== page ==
Classic Three Stooges video
We read articles on humor, its theories, and laughter’s physiological benefits (see Wilkins and Eisenbraum’s abstract). I was trying to convince my students of humor’s merit, of its historical purpose and value in our modern daily lives. For many reasons, I felt protective of humor, and I wanted them to take the study of it seriously.
In order to accomplish this goal, as well as my course objectives, I stacked my team. My strikers right out of the gate were Swift and Twain. Behind them were O’Henry, O’Connor, Thurber, and Stewart. Two newcomers, Gionfriddo and Alexie, provided necessary depth to my defense. I believed that with the right combination of gentle guidance and direct instruction, my students would grasp the dichotomous nature of my course: play and purpose. While I wanted to set a mutually understood context for laughter, (necessary, I believe, for them to ‘get’ the jokes), I deeply desired for them to see the author’s purpose behind the chuckle: to question and critique social structures and ideology imbedded into America’s framework, as well as their own lives. For the first two weeks of the course, my game plan failed. I had spent so much time trying to force them to understand the legitimacy of humor that I had overlooked the aspect of playing with the language, the situations posed to us by various readings.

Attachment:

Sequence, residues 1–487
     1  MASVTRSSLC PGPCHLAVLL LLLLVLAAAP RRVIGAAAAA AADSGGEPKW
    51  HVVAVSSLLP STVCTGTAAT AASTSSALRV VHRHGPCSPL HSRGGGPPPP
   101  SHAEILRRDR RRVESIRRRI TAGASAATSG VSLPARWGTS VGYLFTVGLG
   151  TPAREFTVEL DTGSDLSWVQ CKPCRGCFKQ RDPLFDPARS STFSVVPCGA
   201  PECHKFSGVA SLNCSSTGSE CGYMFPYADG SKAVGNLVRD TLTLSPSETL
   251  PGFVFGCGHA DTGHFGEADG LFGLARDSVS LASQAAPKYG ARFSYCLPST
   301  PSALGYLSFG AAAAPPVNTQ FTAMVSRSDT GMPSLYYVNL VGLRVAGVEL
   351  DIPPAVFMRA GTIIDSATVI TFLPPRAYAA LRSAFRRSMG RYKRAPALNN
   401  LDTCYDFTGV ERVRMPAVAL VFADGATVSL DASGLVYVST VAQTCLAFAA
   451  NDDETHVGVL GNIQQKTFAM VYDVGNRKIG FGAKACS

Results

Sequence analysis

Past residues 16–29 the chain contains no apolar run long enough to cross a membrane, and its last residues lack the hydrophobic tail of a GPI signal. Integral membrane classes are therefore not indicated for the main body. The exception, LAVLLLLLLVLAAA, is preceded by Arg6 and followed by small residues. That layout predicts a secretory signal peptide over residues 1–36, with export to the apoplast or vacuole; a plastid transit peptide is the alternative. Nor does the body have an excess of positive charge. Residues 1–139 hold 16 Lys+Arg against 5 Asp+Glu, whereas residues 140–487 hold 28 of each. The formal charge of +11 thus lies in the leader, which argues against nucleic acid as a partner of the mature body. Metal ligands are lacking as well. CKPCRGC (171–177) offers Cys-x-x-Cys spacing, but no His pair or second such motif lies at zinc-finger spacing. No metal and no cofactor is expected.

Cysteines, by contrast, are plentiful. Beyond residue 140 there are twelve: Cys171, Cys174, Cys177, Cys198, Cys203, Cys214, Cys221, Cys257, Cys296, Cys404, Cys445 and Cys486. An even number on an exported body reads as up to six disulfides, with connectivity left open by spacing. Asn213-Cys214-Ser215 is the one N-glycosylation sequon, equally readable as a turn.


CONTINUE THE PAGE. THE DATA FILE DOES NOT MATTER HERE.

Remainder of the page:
I have a fever for exploring the curious life of one of the most bizarre and compelling comic sketches to work itself into the American grain, the collective unconsciousness, cultural zeitgeist, internet meme-life, and merchandising half-life: Saturday Night Live’s (SNL) “More Cowbell,” first shown on 08 April 2000. According to Wikipedia (yes, “More Cowbell”–the catch phrase–has its own page), “the sketch is often considered one of the greatest SNL sketches ever made, and in many ‘best of’ lists regarding SNL sketches, it is often placed at number one .” I don’t understand why Wikipedia wants a citation for this statement; we don’t need any stinking citations for something that is so clearly and indisputably true. I have a “More Cowbell” app on my phone to prove it.